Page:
It takes only 30 seconds or so for you to start tapping your feet along to the rousing music of Riverdance.
And within a moment of that you realise how feable it is - toe-tapping in your seat while dancers on stage thunder out hundreds of steps in a single routine.
But this show is so irresistable, you simply cannot help attempting to move along.
Riverdance’s overhaul of Irish dancing 20 years ago saw them tone down the fluoro outfits and giant hair to create simple silhouettes with demure dresses and welcoming smiles from dancers.
Now, the show moves from high octane dancing of old to more sultry moves with influences that see the tiny lead female flit from firecracker to ballet dancer.
For a gaggle of girls watching, it’s hard to think of a dance show that empowers its female dancers so much.
Here the women take dominant roles, with men moving to their beat, certainly in the first half. The second half sees men recapture the limelight though, with a show-stopping dance-off between American-style tap dancers and three traditional Irish dancers.
This rivallry and eventual camaraderie brings the house down.
The move to American-style dancing isn’t the only sojourn away from Ireland, as a troupe of Eastern European dancers flip, split and pirouette their way across stage, and a storming Flamenco dancer offers two passionate performances.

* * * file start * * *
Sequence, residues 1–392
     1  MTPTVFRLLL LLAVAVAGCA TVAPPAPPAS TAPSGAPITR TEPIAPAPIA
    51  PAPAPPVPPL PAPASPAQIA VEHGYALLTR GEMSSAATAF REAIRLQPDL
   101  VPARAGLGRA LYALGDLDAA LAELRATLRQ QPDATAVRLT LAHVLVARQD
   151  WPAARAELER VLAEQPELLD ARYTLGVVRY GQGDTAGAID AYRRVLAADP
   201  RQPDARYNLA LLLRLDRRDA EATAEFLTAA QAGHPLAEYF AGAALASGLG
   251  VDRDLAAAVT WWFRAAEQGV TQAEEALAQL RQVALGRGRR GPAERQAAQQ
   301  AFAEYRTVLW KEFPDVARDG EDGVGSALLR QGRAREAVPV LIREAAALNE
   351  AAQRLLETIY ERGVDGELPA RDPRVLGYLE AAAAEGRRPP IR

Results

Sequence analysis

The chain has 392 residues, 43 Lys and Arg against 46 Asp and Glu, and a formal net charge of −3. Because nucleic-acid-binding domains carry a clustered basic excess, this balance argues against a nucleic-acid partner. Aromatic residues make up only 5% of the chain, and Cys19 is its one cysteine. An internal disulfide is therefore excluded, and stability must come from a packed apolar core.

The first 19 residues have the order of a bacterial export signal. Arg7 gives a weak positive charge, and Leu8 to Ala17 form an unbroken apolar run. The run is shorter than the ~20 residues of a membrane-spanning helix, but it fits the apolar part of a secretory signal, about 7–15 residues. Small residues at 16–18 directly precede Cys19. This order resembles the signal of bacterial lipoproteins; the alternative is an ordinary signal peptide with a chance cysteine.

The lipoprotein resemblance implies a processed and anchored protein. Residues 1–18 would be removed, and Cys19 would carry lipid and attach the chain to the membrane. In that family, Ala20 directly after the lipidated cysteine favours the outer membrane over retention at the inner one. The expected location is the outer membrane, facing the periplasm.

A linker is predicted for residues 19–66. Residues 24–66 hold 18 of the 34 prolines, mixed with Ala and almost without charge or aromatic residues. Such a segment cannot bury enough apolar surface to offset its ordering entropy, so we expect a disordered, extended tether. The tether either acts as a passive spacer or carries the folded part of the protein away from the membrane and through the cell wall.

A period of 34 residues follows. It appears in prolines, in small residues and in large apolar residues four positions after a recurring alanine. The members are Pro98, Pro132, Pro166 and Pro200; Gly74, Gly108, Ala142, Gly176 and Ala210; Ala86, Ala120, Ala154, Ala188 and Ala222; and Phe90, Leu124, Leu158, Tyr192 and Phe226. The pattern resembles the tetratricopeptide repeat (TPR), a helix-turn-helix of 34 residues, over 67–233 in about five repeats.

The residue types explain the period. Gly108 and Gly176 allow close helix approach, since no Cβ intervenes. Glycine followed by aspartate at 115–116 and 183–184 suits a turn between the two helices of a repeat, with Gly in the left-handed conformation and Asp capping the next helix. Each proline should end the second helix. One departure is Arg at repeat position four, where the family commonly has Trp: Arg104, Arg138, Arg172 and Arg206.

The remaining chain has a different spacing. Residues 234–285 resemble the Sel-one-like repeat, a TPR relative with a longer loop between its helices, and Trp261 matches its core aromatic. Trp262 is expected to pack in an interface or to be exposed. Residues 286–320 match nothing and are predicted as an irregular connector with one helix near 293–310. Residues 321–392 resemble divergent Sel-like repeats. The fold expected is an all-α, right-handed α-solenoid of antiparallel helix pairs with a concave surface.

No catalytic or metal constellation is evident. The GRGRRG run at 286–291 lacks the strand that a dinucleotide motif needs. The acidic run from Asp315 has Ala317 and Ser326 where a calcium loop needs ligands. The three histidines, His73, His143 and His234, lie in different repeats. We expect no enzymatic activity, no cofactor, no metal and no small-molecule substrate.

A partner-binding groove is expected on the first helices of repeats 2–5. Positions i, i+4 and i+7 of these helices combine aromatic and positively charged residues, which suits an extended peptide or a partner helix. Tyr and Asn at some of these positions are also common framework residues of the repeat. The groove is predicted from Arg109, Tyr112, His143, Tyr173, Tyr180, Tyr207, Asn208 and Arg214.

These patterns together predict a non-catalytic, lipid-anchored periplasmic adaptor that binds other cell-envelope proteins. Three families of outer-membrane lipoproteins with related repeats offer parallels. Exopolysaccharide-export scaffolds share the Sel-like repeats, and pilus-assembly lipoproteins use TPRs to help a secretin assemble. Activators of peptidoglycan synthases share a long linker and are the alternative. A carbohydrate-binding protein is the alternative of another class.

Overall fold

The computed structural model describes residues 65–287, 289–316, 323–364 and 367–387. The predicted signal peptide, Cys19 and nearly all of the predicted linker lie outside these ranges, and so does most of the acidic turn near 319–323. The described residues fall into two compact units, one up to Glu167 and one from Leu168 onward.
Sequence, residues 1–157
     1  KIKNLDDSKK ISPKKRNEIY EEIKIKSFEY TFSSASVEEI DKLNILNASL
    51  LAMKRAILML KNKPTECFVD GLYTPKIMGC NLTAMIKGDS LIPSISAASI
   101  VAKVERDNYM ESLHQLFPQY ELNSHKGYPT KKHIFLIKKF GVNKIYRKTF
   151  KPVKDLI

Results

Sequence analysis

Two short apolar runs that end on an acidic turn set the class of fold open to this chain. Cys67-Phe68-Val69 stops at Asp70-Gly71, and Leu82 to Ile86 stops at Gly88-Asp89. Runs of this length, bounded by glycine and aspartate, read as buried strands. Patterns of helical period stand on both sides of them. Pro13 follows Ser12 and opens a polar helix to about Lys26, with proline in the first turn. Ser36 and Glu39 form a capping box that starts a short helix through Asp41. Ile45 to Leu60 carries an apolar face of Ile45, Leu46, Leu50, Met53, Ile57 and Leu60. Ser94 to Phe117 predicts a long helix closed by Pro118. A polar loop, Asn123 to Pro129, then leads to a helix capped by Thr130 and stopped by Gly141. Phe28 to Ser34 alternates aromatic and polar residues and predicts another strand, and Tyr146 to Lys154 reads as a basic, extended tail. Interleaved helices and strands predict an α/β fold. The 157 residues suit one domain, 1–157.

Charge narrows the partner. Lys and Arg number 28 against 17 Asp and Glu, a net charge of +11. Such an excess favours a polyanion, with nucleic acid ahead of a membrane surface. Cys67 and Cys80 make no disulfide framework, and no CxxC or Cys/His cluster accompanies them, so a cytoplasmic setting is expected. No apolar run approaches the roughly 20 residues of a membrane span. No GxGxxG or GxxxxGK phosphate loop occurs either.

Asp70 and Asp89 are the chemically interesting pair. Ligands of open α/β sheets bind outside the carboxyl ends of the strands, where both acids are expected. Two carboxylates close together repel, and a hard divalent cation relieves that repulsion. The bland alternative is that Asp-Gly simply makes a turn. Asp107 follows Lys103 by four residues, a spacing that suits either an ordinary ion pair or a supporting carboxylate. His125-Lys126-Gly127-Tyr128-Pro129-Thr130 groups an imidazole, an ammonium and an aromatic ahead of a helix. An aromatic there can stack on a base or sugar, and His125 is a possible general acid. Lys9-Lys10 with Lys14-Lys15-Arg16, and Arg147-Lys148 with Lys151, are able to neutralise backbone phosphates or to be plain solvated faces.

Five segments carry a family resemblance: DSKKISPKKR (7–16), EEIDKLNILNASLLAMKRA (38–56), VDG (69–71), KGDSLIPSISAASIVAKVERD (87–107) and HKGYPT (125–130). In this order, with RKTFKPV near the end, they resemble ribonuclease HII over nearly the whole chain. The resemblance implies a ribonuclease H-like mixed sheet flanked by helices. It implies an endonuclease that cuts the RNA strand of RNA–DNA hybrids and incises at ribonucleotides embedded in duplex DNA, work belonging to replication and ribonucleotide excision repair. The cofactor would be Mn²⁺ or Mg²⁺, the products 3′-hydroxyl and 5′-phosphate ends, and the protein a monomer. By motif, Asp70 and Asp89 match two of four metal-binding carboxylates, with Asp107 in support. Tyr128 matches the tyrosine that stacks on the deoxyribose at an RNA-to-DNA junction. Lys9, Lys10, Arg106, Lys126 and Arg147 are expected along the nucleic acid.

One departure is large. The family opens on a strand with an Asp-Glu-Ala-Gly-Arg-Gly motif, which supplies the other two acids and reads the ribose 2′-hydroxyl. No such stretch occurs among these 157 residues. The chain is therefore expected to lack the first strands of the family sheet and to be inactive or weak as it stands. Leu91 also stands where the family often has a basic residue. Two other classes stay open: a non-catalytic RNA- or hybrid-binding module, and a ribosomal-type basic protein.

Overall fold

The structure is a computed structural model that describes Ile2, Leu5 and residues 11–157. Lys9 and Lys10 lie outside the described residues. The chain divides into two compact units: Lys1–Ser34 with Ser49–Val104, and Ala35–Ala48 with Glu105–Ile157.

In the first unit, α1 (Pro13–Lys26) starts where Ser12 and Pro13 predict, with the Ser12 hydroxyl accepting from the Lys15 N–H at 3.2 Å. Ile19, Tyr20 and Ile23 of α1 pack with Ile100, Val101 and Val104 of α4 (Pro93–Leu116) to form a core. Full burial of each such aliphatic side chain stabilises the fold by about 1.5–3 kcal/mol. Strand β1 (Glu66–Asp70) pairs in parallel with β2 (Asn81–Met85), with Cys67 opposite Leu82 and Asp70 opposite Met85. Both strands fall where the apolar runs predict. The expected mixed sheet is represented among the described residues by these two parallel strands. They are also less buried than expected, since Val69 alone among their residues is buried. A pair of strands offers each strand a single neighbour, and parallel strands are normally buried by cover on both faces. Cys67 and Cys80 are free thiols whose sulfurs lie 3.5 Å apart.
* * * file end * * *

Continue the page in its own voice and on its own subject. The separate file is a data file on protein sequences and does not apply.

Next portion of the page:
All this is performed to, and punctuated by, the live on-stage band, comprising a bodrhan, pipes and fiddle music as well as some haunting vocals and choral performances.
The percussionist rivals the lead male dancers with his work too - with hands that are to the drums, what their feet are to the stage.
The only criticism could be of the audience, when its left to those on stage to ‘woop’ along to their comrades as they perform high-kicks, somersaults and incredible feats of footwork, rather than being rightly cheered on by those still seated.
Perhaps it’s just that they’re aghast at the scale of dancing before them, unable to do anything but toe-tap meekly?
If you like music and movement then this show is for you.
It plays at the Opera House, in the Winter Gardens, Blackpool, until Sunday.
For tickets, visit: www.blackpoollive.co.uk, or call the Winter Gardens Box Office on: 0844 856 1111